A classical method of getting Oracle-based processes communicating with the outside world is by using the DBMS_PIPE package: Typically, we write to a pipe from an Oracle PL/SQL-based process, and then we continuously run an asynchronous Oracle PL/SQL process which reads the pipe and processes what it reads. A common use of DBMS_PIPE is for debugging, logging and launching external processes.
Don't get your hopes up though - this is not a UNIX or a WINDOWS O/S pipe - this pipe strictly remains within the Oracle environment. And in my experience it is not very robust, which is a bad thing in the line of business that I am in.

Here is some example code that writes and then reads data over an Oracle DBMS_PIPE.
First, we write to a pipe:
# Write message to pipe 'P'
sqlplus -s / <<!
var i number
-- this creates the pipe if it does not already exist
exec :i:=dbms_pipe.send_message('P',10); -- message a lifetime of 10 seconds

Now, we read from the pipe: 
# Reads pipe and outputs it STDOUT
sqlplus -s / <<!
set echo off
var i number
var s varchar2(250);
exec i:=dbms_pipe.receive_message('P',0);
exec dbms_pipe.unpack_message(s);
print s

Over time you will discover that no matter how large you make the DBMS_PIPE buffer and how short you set the message life time, after a while (days, weeks, ...) the DBMS_PIPE buffer fills up and blocks any process that wants to write to it. The only way to unbock the pipe was to 'let the pipe run out', by repeatedly running the reading (second) process and not pumping any more data down the pipe by not running the writing (first) process. After that all is well until a few days later again...

I am experiencing this on Oracle 9i and looking at the identical documentation of Oracle 10g, expect the same iniquitous behaviour. Useless attempts at solving this problem have been to:

  • Strategically place some dbms_pipe.reset_buffer statements in the writing program,
  • Liberally sprinkle dbms_pipe.purge statements in the reading programs
  • Deviously splice dbms_pipe.remove_pipe followed by dbms_pipe.create_pipe  commands in the writing and reading programs

None of these things made the pipe behave any better. I suspect that the problem lies in the implementation of the message aging mechanism -  unwinding a blocked pipe gives me messages that were created days ago, when in reality they should only persist, as in the example above, for 10 seconds.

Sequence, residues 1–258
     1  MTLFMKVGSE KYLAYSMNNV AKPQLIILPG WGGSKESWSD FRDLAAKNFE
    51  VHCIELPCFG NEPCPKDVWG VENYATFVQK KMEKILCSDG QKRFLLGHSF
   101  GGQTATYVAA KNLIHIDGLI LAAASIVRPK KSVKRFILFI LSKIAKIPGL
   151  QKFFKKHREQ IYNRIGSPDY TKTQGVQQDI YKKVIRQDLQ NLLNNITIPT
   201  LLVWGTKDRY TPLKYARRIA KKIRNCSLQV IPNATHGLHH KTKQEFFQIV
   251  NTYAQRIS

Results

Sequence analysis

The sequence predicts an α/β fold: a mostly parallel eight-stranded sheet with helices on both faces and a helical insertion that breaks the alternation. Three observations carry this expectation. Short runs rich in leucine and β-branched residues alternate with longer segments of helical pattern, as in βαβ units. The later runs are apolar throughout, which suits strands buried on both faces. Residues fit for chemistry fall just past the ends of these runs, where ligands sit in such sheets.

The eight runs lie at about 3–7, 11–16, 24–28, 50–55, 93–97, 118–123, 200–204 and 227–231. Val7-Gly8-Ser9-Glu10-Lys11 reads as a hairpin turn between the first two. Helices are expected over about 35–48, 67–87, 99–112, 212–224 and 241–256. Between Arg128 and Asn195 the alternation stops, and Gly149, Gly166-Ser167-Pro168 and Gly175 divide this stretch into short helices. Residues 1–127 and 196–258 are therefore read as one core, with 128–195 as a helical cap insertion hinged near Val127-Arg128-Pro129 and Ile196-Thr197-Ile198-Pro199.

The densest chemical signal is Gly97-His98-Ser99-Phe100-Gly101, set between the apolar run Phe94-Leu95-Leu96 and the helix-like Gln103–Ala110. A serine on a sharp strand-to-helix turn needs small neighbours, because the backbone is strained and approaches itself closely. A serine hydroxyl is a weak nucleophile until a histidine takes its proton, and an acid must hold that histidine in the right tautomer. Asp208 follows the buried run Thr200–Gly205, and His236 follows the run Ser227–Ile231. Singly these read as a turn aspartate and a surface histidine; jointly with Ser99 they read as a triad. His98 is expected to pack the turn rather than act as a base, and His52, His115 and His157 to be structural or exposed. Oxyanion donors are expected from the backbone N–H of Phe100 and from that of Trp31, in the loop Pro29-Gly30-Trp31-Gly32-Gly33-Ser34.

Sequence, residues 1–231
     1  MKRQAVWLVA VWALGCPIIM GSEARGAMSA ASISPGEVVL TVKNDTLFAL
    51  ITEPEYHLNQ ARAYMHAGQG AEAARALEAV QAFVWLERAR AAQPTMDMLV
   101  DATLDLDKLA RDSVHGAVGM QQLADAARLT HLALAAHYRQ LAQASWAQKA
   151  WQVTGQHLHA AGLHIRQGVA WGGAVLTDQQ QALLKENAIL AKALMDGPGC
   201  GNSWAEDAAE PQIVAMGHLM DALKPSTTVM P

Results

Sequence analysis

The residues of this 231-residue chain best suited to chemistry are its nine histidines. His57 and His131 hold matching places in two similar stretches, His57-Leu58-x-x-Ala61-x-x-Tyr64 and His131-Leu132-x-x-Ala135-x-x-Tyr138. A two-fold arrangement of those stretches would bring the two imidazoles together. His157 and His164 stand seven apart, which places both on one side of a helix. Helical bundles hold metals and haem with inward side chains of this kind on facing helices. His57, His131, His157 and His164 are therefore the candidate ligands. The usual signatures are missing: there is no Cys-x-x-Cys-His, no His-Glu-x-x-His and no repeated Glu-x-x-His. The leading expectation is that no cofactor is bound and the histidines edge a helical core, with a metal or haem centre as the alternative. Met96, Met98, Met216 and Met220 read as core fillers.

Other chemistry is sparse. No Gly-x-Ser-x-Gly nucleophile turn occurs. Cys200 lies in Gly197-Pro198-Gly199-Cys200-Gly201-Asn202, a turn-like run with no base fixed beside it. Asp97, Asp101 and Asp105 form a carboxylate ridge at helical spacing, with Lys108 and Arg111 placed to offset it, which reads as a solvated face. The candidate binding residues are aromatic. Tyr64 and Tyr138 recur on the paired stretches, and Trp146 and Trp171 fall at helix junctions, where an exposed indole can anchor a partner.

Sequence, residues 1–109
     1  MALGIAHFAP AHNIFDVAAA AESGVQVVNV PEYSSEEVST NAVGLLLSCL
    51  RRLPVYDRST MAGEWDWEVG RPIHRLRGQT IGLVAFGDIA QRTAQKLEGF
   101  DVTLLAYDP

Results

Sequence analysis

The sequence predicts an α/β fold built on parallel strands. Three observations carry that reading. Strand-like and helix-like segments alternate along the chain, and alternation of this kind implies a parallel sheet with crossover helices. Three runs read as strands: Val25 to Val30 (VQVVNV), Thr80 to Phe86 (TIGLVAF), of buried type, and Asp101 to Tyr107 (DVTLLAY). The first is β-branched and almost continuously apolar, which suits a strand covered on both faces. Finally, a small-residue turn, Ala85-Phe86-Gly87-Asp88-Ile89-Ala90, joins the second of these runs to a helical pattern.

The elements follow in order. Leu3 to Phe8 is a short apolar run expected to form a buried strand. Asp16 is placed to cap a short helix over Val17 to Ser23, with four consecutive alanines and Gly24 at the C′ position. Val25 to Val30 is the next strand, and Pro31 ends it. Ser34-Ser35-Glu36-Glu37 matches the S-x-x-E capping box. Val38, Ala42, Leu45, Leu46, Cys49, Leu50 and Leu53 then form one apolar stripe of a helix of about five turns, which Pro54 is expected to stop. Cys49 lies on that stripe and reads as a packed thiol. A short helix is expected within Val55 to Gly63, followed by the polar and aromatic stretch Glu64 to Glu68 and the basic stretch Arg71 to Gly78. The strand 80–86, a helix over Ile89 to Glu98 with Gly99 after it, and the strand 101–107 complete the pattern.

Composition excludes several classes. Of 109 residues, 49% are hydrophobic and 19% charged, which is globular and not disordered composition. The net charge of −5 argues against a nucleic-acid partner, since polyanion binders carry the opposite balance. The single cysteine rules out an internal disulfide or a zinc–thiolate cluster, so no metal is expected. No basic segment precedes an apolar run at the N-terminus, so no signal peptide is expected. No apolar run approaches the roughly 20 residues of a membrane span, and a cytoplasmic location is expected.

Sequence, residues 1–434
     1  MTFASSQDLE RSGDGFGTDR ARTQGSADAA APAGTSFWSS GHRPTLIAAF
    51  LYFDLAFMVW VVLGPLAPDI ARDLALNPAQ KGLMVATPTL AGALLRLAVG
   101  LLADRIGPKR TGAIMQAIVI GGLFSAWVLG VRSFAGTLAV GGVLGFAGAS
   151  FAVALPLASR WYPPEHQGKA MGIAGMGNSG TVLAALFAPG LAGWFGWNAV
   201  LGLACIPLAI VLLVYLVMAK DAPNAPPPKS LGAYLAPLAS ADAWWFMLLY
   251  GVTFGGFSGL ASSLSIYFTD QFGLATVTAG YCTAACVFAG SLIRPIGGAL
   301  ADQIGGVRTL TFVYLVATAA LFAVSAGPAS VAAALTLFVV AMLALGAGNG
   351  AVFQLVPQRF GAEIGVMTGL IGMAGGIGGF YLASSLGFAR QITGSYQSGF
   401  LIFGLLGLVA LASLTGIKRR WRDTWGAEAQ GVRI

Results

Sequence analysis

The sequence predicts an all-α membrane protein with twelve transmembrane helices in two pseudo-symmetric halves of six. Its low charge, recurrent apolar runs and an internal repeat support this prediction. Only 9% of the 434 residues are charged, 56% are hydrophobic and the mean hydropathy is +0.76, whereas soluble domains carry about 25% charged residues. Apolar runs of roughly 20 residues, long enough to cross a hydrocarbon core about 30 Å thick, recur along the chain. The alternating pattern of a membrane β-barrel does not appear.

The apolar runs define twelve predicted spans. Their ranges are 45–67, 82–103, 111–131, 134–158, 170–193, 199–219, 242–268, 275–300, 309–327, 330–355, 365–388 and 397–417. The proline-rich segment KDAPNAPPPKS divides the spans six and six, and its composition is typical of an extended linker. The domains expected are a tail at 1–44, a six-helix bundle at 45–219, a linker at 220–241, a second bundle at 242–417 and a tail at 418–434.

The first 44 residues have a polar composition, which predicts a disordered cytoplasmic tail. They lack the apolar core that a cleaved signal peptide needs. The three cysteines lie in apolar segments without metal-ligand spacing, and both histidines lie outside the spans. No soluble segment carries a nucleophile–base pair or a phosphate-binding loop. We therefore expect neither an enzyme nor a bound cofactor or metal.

Note that there is no locking - advisory or otherwise - between writing and reading processes sharing a DBMS_PIPE pipe, so you are not prevented from ripping out a pipe with a dbms_pipe.remove_pipe command while another processes is still reading or writing to it.

In  O'Reilly's book Oracle Built-in Packages, Steven Feuerstein (for we are not worthy) bravely attempts to explore and then to explain the hidden behaviours of the DBMS_PIPE package and this is so far the best explanation to found anywhere. After reading the chapter, I was finally convinced that this DBMS_PIPE-thing was designed on the back of a matchbox.

I have now changed my signalling strategy for inter-process signalling in Oracle by using:
  • External procedures (read about them here
  • Writing to a real file from Oracle using UTL_FILE which I will tail in a similar vein to the common UNIX $ tail -f real-OS-file

The latter approach works so well that I have created a number of shell scripts that execute processes on the Oracle database and show any of  Oracle's output that it writes to the real log file while the process is executing:

# kill tailing process
trap kill -9 %1 > /dev/null 2>&1 && exit INT TERM HUP EXIT
# Start tailing the log file from NOW
tail -0cf $APP_HOME/log/events & 
# The process on Oracle to execute:
sqlplus -s / <<!
set feedback off serveroutput on size 100000 format wrapped
exec  oracle_stored_procedure(${1},${2});
sleep 1 # Give time for tail to poll log file and output
kill -9 %1 > /dev/null 2>&1 # kill tailing process

Note that other processes' output will also appear in your output. If this causes confusion, grep for the process name in the line with the tail command.

I could have used dbms_output in the Oracle stored procedures instead of writing to an events file, but as we all quickly learn, dbms_output is synchronous and therefore does not give you running updates of what is happening until the process that it is in has completed.

© Gerrit Hoekstra